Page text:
Cancer Nutrition and Recipes For Dummies
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When people think of cancer, the side effects that cause physical changes to the body typically provoke the most fear. But not everyone experiences these effects, and even if you experience one or more of them, they’re often short-lived.

Fluid retention

Cancer and its treatments may cause an abnormal buildup of fluid in the body, a condition your oncologist may refer to as edema when the fluid collects in the extremities (legs, arms, feet, hands) or face; ascites when it collects in the abdomen; and pleural effusion when it collects around the lungs.

Other causes of fluid retention may include nutritional deficiencies (such as low protein levels); inactivity; cancer-related vein or lymph system blockages; removal of the lymph nodes; and problems with the kidneys, liver, or heart. Symptoms may include swelling, a feeling of heaviness or tightness, rapid weight gain, decreased urination, difficulty breathing, and stiffness of the joints.

Fluid retention from medications or malnutrition is generally reversible, but when it’s caused by cancer or by other health problems, the swelling may be more difficult to treat and may be permanent. Your oncologist may also prescribe a diuretic (which increases the production of urine).

If you notice you’re retaining fluid, it’s important to speak with your healthcare team as soon as possible, particularly if you become short of breath, you’ve gained 5 pounds or more in a week, your hands or feet are cold to the touch, or you’re rarely urinating.

Hair loss

Hair loss is probably one of the most feared side effects among people receiving chemotherapy, particularly among women who may struggle with perceptions of being less feminine without hair. Hair loss can also occur in areas exposed to radiation treatments, particularly when administered at higher doses.

Although not all chemotherapeutic agents cause hair loss, many do. But even though hair loss is an undesirable side effect of many chemotherapeutic agents, it isn’t a serious complication. After all, it doesn’t result in the loss of normal body function or pose a risk of death, and hair starts to grow back usually within weeks after treatment ends.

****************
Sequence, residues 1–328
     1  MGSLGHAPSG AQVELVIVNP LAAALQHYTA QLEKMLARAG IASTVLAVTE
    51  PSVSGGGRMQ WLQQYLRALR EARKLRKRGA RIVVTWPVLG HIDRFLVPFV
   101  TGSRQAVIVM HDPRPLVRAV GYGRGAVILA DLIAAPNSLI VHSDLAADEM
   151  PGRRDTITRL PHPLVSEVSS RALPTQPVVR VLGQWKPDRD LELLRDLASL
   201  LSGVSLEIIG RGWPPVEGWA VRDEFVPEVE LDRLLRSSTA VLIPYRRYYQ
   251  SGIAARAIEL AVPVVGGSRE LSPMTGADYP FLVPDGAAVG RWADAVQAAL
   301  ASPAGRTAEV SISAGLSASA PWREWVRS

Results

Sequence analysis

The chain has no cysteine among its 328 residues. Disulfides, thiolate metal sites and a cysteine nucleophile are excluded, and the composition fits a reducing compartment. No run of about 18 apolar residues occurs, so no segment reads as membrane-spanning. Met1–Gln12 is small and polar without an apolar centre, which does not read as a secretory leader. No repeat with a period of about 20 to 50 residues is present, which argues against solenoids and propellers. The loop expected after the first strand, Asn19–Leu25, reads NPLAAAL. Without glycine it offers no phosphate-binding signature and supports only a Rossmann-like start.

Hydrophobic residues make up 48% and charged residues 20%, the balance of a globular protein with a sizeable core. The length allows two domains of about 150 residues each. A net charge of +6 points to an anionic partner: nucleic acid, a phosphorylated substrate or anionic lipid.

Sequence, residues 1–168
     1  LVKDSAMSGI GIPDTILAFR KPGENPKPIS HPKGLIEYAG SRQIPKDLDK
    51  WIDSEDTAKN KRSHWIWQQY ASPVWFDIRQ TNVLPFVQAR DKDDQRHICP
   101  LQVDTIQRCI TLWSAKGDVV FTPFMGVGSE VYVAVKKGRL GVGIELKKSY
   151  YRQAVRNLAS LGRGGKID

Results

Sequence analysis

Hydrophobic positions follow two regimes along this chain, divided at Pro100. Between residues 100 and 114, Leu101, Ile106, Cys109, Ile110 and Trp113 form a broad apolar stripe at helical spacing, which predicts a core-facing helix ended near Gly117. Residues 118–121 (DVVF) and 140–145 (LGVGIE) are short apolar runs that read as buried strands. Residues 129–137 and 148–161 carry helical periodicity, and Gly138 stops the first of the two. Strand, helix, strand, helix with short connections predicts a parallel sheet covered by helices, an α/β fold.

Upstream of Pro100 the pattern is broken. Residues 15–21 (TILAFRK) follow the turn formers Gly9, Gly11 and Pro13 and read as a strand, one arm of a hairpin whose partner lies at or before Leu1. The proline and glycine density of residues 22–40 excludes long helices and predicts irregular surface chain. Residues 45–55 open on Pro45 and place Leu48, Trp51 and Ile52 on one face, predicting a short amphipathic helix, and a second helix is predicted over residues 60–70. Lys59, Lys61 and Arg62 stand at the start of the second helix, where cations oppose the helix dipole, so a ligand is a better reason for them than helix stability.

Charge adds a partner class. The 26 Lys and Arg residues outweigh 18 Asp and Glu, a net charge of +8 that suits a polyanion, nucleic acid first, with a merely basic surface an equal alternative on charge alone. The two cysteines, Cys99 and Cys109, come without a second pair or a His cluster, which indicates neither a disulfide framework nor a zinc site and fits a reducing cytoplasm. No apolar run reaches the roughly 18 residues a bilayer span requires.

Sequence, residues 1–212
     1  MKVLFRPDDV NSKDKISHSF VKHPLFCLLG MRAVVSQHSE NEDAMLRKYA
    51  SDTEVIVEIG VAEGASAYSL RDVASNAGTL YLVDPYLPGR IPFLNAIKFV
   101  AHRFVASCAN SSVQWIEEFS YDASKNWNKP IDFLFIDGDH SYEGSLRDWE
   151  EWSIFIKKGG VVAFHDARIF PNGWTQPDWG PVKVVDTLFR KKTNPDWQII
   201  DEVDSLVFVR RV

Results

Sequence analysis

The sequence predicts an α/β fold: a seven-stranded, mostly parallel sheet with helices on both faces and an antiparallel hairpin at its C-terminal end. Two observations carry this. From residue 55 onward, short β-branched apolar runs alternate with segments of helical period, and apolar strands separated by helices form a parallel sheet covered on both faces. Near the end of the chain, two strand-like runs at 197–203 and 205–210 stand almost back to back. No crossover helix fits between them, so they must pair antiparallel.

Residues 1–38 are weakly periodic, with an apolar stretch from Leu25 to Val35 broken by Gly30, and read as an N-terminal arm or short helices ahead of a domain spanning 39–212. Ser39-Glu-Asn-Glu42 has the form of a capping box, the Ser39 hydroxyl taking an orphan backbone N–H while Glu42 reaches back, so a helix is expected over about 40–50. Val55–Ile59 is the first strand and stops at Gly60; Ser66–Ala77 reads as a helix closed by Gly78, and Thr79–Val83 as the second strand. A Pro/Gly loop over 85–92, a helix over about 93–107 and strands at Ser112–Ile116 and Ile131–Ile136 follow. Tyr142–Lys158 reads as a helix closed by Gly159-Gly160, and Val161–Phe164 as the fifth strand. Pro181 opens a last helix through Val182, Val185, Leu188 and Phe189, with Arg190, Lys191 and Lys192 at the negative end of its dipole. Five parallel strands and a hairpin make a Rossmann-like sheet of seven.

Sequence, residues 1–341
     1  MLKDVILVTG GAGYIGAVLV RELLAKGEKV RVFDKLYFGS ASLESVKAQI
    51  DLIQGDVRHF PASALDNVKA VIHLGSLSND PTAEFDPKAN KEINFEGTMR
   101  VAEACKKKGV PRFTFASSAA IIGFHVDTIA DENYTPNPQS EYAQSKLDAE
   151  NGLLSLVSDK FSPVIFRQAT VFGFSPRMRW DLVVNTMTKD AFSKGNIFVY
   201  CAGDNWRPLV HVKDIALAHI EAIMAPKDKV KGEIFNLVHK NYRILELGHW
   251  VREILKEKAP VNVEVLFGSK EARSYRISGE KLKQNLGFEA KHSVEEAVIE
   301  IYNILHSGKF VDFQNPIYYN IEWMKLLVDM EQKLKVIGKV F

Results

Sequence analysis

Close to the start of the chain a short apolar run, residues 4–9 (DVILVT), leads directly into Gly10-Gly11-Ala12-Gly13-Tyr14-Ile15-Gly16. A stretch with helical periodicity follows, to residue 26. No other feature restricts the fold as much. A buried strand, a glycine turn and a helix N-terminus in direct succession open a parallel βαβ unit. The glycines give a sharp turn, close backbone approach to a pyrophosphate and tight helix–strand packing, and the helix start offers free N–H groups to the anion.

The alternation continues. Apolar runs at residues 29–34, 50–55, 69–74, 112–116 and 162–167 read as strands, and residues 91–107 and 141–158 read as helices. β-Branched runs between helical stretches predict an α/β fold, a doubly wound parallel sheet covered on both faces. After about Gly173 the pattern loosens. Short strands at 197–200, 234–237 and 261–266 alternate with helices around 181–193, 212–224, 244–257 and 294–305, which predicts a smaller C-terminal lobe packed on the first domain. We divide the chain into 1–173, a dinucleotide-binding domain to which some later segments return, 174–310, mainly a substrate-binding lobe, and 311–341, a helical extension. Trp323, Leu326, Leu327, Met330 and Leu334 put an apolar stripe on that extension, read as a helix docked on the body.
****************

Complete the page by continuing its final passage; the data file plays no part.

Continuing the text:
At the same time, it can have a profound emotional impact. You may feel anxiety about how you’ll be perceived by the outside world and whether you’ll be gawked at, particularly because bald heads have become the hallmark of cancer, at least for women.


Reports indicate that approximately 33 percent to 50 percent of people with cancer will experience pain at some point during their cancer journey. Cancer-related pain can take a variety of forms. It may be mild, moderate, or severe and feel dull, sharp, or achy. It may come and go or be constant, and it may occur at the primary cancer site or at distant sites if the cancer has spread.

Cancer treatments can also contribute to the pain picture. Recovery from major surgery to remove a tumor can be painful, whereas radiation and chemotherapy may cause painful side effects, such as skin irritation and mouth sores.

Generally, treatment-associated pain is short-lived — when the treatment ends, the pain usually resolves not too long thereafter. And if you felt pain before you started treatment, cancer treatments may decrease or eliminate this pain. When this occurs, it can serve as an important indicator that the treatment is working as intended. But even if your pain doesn’t improve or worsens during treatment, this doesn’t indicate that your treatment isn’t working.

People with cancer that has spread to their bones may experience more severe pain. Numerous medications are available that can effectively manage pain (your oncologist may refer to these as analgesics) and permit normal function. These may range from very mild over-the-counter analgesics like acetaminophen (Tylenol) to powerful pain-controlling prescription medicines like morphine.

No matter what’s causing your cancer pain, your oncologist and healthcare team can provide you with medications to alleviate pain and the side effects that directly cause pain. They may also suggest complementary treatments and strategies that may be helpful, such as acupuncture or aromatherapy.

Skin reactions

Skin reactions are quite common and may consist of any of the following symptoms: rashes, itching, dryness, flushing (redness and warmth of an area of the skin), inflammation, or blistering. They may occur with any drugs, but are a side effect of many chemotherapy agents.

Although most skin reactions are mild, some can be life threatening, so it’s always a good idea to mention any skin changes to your oncologist as soon as possible.

Mild skin reactions are simply observed until they improve without a need for specific interventions. For more severe skin reactions, your oncologist will have to consider whether to continue with your treatment. More serious events will require careful local skin care, including efforts to prevent secondary infections because the normal skin barrier has been breached.

About This Article

This article is from the book:

About the book authors:

Maurie Markman, MD, a nationally renowned oncologist, is National Director of Medical Oncology at Cancer Treatment Centers of America. Carolyn Lammersfeld, RD, board certified in oncology nutrition and nutrition support, is Vice President of Integrative Medicine at Cancer Treatment Centers of America. Christina Torster Loguidice is Editorial Director of Clinical Geriatrics and Annals of Long-Term Care: Clinical Care and Aging.

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